When I received a letter from Barbie Buss, the Editor of Woman, together with a free copy of this magazine, my first through was that something must have gone badly wrong with me, physiologically. But the matter became clear when I discovered that his was to draw attention to the fact that even her journal had decided to climb on the motoring bandwagon, with a special Motoring Supplement, “Motorwoman” edited by Jean Barrett. And why not? I have been aware for a long time that man’s relationship to cars and girls is akin to the problem of the chicken and the egg—not which came first, but which takes pride of place in his affections.
Moreover, girls seem inseparable form cars these days. We had proof of that at Earls Court, even if the SMM & T does not approve! And just look at the motoring advertisements. Why, even in Motor Sport, in which I am not encouraged to publish girlie pictures, girls creep into the advertisement pages. There is that provocative cuddling, or wrestling, scene in the Motorola advertisement, a bird admiring Dunlop’s Formula “D” wheels, another listening to a Phillips car stereo, not to mention Miss Tiredcap in the AC thermostat ad. Then there are all those young women with Graham Hill in that 30/98 Vauxhall which is apparently running on Autolite plugs, mini-skirts in the Ferodo spread, and that go-girl indecently exposure in the Bradex advertisement. Koni show a couple of huggers, there’s a girl on John Britten’s page, another in the Flexy brush ad., all in Motor Sport. Clearly, girls and cars are closely related these days. I agree that a female is an excellent assessor, whether in the back of a vintage limousine or beside you in an Elan.
So Woman should get away with it. Their supplement drew as advertisers’ Airstrip, Austin/Morris, Triumph, Rootes, Lucas, Reliant, Fina and Renault. It contained a competition with a Ford Zodiac Mk. IV as first prize, and I see that dream cars recommended embrace an Austin Mini Super or a Mini Minor de luxe for a 19-year-old hairdresser, a Triumph Herald convertable for a 24-year-old secretary who has tired of her motor scooter, a four-door Ford Escort for a married woman of 27 with three kids, a Hillman Minx de Luxe for a part-time shop assistant of 35 with two kids at school and mum living with her, a Vauxhall Viva de luxe estate car for the 48-year-old married mum with three kids at home who like camping holidays, and a triumph TR6 for a newly-married of 28 who intends to keep her job in Public Relations. So there you are—and jolly clever of Ford to get themselves included without buying any advertising space . . .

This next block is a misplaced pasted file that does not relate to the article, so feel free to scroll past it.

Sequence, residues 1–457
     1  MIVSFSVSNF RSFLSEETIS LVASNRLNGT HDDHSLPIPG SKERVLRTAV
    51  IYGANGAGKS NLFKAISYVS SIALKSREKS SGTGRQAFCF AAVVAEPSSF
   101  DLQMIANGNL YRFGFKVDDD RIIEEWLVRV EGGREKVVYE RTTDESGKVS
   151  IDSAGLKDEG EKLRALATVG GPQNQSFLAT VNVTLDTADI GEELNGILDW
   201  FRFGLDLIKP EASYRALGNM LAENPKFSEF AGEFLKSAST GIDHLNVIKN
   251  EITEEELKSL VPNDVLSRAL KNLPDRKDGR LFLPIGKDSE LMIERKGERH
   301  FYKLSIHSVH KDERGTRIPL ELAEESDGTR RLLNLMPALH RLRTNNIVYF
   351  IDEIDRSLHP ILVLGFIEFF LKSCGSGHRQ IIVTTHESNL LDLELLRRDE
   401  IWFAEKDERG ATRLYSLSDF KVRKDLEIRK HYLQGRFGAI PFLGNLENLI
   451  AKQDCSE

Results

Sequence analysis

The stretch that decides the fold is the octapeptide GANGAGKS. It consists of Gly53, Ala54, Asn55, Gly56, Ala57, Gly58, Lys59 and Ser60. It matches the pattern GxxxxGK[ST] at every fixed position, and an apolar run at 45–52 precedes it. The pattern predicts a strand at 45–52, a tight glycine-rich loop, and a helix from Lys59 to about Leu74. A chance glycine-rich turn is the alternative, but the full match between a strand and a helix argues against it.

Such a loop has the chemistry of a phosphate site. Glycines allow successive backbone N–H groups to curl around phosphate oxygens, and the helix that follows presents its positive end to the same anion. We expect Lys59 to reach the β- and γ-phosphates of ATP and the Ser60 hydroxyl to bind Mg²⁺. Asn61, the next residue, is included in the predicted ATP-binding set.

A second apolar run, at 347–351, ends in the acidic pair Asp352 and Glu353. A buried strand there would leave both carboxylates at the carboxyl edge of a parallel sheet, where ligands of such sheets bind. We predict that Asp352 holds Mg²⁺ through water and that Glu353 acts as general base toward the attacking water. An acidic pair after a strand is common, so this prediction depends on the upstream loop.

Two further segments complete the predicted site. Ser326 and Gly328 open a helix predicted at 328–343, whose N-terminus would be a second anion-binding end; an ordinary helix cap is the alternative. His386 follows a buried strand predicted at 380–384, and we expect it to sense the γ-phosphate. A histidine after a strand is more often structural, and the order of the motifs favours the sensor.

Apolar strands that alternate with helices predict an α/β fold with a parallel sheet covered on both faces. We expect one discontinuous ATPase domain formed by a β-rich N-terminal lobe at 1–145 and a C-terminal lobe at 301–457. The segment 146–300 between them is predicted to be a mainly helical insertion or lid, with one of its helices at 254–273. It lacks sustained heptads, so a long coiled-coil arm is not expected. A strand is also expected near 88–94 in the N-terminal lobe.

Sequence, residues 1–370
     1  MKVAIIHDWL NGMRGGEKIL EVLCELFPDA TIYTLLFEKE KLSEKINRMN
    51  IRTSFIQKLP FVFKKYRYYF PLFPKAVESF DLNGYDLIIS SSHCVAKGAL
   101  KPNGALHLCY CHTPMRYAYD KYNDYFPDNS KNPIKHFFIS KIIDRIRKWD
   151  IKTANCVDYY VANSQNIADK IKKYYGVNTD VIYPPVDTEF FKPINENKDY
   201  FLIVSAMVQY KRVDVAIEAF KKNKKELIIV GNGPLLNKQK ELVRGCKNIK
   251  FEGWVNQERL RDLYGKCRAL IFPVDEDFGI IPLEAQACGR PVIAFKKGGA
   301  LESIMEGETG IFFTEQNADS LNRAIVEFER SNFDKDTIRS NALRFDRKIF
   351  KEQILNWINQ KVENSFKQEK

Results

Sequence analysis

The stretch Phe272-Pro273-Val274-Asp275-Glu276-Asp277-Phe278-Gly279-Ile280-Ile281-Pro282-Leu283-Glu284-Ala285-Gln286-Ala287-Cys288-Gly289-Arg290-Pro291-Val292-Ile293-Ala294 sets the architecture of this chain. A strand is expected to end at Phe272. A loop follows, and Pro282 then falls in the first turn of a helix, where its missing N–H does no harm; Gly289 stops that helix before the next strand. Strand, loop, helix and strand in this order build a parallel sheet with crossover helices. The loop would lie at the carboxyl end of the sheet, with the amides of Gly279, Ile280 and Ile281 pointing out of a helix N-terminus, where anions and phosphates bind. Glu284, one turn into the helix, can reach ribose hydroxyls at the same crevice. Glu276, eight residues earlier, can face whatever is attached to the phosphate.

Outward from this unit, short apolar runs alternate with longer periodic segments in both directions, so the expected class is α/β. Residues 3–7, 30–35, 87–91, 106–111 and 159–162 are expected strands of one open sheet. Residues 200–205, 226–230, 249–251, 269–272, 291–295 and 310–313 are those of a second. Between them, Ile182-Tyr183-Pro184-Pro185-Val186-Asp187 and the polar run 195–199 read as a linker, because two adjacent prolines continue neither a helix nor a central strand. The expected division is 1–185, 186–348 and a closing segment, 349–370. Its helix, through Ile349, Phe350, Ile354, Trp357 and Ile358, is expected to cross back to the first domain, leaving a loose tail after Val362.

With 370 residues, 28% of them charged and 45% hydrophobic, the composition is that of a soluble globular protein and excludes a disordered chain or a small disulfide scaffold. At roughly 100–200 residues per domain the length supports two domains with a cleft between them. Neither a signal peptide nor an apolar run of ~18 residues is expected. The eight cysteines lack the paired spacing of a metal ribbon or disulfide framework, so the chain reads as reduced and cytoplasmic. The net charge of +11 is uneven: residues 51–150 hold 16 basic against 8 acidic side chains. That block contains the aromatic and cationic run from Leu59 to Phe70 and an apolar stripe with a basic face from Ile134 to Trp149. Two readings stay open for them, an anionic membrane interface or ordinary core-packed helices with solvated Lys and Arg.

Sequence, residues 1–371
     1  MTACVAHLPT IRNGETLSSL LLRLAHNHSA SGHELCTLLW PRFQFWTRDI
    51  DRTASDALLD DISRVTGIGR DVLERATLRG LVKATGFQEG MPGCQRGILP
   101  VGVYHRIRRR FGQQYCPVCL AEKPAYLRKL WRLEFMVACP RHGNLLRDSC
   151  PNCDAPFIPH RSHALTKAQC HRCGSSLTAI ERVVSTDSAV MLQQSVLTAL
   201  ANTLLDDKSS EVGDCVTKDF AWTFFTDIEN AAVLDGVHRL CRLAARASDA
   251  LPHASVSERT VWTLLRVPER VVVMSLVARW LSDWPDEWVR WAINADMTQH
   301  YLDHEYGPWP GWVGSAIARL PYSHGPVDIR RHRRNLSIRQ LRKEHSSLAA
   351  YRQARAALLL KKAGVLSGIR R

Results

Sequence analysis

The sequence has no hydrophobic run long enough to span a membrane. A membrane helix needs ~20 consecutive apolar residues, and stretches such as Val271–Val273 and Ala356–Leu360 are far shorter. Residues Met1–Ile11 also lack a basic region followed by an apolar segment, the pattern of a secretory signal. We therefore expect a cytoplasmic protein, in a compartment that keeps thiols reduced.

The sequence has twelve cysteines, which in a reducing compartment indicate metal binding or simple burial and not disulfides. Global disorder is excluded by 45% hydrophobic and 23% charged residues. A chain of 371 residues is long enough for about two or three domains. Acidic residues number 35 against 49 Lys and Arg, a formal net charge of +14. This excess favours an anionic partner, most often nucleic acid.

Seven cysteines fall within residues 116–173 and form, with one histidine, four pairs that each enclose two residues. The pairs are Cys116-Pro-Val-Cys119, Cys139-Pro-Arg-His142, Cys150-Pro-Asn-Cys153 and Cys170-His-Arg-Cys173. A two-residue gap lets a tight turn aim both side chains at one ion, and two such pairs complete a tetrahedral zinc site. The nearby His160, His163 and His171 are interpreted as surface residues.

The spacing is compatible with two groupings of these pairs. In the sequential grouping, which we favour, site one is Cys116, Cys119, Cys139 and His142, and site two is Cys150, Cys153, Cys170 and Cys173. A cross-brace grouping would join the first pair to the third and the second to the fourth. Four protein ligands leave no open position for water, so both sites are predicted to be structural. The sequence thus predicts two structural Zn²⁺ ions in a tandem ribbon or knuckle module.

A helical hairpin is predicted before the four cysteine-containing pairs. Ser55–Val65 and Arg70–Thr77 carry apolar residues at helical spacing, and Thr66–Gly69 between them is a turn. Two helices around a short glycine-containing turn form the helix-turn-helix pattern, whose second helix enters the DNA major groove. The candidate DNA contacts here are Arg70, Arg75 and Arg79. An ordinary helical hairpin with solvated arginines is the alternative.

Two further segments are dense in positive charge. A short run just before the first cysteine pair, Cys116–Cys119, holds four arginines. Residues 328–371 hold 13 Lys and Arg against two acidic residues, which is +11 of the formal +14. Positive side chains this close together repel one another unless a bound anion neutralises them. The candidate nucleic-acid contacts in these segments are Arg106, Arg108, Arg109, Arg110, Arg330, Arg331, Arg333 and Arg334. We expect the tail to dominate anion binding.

Anyway, I am relieved to know they sent me Woman because of this motoring thing and not because they thought I needed to join the freedom lovers, required Murine to get rid of the red, fast, or was due for a figure-conscious winter boot, a comfipantie or an “action” pantie girdle. Or would enjoy reading Godfrey Winn. (By the way, what of poor old Renault, who took a colour-page and didn’t score a mention?). In fact, the supplement is hard on foreign cars, remarking that “Popular British models now have many more gadgets included in the price, and cheaper (foreign cars carry import tax) and, apart from Volkswagens, have a better resale value. With some foreign cars, too, servicing can be difficult sometimes, as they have fewer main dealers and spare parts depots”.
What did interest me was Dame Gladys Cooper’s piece about being taught to drive in 1923 by her Belgian chauffeur, on a Storey two-seater, who, as soon as she was taught, put him, protesting, in the dickey seat as she tore along at 30 m.p.h. Girls or cars? Cars or girls? You just never know where motoring history will strike next!—W.B.